I’ve a got a good friend fooled.
He thinks better of me than I am.
He sees the gifts I have been blessed with, creativity, love of science and literature, a knack for stringing words together on glowing screens, and thinks I’m special.
He’s pretty special himself. He has a great passion for his family, for nature, for teaching children.
If he sees my flaws he keeps it to himself.
I think that is what I fear, that people will know what is really wrong with me. It is probably what most of us fear.
I fear the flaws which caused me to say and do things which alienated my wife’s affections. I fear revealing my sins will rob me of the affections of all who I would have love me.
Despite what my friend thinks, I am flawed. More flawed than he knows.
I suppose he is flawed as well, though I do not know what those flaws are.
Why are we so desperate to hide our true selves?
I think for several reasons.
First, we absolutely need to belong.
The other night Brenda and I went out to a movie, I Am Legend with Will Smith. It is a post-apocalypse tale. The protagonist, immune to a deadly virus, has lived three years with no other companion than his dog.
A part of the story deals with his reactions in coming in contact with other people. He is borderline insane from his isolation.
Tom Hanks also displayed the symptoms of isolation in the movie Cast Away. He created a friend out of a soccer ball.
I once spent over two months without speaking, or even seeing, another person. I read a lot, satisfying a curiosity about world faiths. When I left that cave on Saddleback Mountain I was terribly awkward with people. I had trouble making simple conversation.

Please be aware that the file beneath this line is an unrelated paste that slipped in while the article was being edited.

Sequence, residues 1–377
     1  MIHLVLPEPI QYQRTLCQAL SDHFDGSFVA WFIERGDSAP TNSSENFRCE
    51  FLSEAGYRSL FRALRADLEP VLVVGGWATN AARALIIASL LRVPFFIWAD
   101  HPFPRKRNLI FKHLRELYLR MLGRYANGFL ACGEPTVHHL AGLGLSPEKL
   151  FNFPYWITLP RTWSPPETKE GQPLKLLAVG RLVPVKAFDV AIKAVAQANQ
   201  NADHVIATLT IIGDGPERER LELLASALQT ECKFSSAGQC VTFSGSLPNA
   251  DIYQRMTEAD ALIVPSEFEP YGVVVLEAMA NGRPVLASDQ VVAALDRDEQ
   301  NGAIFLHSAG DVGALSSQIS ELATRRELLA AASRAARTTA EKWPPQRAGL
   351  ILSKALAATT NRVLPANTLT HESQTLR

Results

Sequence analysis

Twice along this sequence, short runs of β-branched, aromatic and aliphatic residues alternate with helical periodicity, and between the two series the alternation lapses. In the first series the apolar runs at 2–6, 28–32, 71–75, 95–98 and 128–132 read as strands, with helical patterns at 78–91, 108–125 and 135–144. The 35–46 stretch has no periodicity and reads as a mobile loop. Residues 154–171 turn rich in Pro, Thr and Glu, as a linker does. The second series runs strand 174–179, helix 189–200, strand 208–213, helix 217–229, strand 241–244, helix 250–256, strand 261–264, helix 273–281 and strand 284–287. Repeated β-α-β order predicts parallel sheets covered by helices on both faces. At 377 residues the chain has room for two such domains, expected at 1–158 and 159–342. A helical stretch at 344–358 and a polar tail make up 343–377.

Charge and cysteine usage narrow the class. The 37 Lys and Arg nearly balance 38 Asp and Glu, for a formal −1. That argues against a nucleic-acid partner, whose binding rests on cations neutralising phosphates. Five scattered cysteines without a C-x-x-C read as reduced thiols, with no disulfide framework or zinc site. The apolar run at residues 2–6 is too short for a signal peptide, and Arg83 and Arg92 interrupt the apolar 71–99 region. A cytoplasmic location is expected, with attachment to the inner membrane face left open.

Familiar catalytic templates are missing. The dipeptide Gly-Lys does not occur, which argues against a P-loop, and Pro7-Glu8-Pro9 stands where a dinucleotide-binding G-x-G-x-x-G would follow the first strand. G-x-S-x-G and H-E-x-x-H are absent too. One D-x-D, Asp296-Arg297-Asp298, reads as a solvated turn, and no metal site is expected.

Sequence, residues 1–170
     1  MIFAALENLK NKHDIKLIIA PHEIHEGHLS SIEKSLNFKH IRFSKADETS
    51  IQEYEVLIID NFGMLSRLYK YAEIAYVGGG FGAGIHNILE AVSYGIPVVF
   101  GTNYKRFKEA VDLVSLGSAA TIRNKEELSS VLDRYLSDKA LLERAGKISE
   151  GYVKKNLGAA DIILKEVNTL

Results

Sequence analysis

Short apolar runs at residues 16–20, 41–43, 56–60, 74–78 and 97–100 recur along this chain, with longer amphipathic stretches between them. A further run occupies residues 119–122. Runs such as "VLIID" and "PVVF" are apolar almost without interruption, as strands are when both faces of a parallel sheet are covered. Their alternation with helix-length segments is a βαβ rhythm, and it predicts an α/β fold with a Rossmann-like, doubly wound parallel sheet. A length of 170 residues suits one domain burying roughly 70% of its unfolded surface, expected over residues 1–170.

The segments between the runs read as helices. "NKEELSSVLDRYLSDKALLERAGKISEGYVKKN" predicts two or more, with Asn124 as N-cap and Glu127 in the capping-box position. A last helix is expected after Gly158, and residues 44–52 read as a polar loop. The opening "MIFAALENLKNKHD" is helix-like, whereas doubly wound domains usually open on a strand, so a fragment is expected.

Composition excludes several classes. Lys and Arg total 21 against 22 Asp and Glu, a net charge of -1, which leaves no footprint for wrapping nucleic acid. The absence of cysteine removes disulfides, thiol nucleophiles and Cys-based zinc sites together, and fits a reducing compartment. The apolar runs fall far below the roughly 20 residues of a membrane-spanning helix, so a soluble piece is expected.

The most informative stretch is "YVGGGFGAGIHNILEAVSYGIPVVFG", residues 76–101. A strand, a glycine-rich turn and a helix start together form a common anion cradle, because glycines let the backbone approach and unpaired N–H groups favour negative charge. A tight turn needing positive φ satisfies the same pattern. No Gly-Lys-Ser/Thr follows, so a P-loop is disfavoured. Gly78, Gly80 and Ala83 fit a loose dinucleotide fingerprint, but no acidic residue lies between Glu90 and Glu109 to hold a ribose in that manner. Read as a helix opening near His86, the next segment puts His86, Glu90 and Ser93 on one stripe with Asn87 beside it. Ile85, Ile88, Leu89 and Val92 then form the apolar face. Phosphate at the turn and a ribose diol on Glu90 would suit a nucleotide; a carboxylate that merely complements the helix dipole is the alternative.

Such isolation turns us a little odd, it can create Ted Kaczynski’s.
We need people. We need people for our mental health We need people to give us a place in the world, a place with others. Without others we start unravelling.
A second reason we are so desperate to hide our true selves is because of our egos. We start our lives having every need cared for by others. As we become more independent we secretly wish to remain the center of all things.
Could people really love us, really want to be near us, if they knew we weren’t perfect?
You have probably guessed, I’m headed toward the point about how we question God’s love.
I’d like to take it a little further.
Imagine if we were perfect.
Imagine if we never sinned, never had dark secrets to keep from each other, from ourselves.
Our lives wouldn’t be the mess they are. We wouldn’t worry if people loved us or not. We would love everyone, never hurt them, never betray them, and they do be the same.
Sounds pretty nice.
Sounds like Heaven.
Sounds like the way God must feel.
His perspective must come from the absolute knowledge, the absolute experience, the absolute being that is thoroughly good.
If we were like that... if we were without sin, without the sense of failure and sorrow, we would be able to love so much more deeply. I would guess that if I were like that I would be able to see the goodness in souls which wanted to be different than they are, which longed to be free of sin. It wouldn’t be an affection for them out of pity, either. I would love them because I saw in their heart the desire to become better, to become pure. It would be a love for them simply because love is the center of being perfect.
I look at my life, at my failings, at the things I am which make me think that I am fooling my good friend, and I know that there is someone who does know all those things about me, and loves me anyway.
He loves me because that is who He is.
He loves me because he sees in me the spark of our soul, the part of me that is made in His image, which wants to love and be loved, and simple be love.
I’m a screwed up mess. But I am loved by perfection which stretches throughout time, beyond time, beyond the realm of physical matter, and simply wants me to stop hurting, to stop beating myself up, to simply pause and experience a little of what He feels for me.